By Invitation

Disability and sexuality: Able-bodied ignores sexual desires and need for love

People with disabilities or mental health issues have sexual desires and need for love, but these are often ignored by the able-bodied

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Two consecutive acts of horror brought "Incel" - a hitherto obscure term - into mainstream consciousness. On April 23 this year, Alek Minassian, a 25-year-old man, drove a rented van and ploughed into a crowd of people in a street in downtown Toronto, killing 10 people and injuring 16 others. Describing himself as an "Incel" on his Facebook account, he posted that the "Incel Rebellion" has started.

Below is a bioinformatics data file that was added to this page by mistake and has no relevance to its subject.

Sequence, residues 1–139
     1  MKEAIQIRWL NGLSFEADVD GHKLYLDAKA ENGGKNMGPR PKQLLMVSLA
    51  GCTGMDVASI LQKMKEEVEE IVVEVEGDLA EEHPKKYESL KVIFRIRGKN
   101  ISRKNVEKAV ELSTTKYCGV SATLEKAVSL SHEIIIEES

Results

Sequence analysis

Incel stands for "involuntary celibate" and those who identify themselves as such are affiliates of a fringe Internet subculture; they are heterosexual male misogynists who hate women for thwarting them from having the sex that they see as their natural right, and blame their sexual failings on the shallowness of womankind (and feminism).

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A version of this article appeared in the print edition of The Straits Times on June 30, 2018, with the headline Disability and sexuality: Able-bodied ignores sexual desires and need for love . Subscribe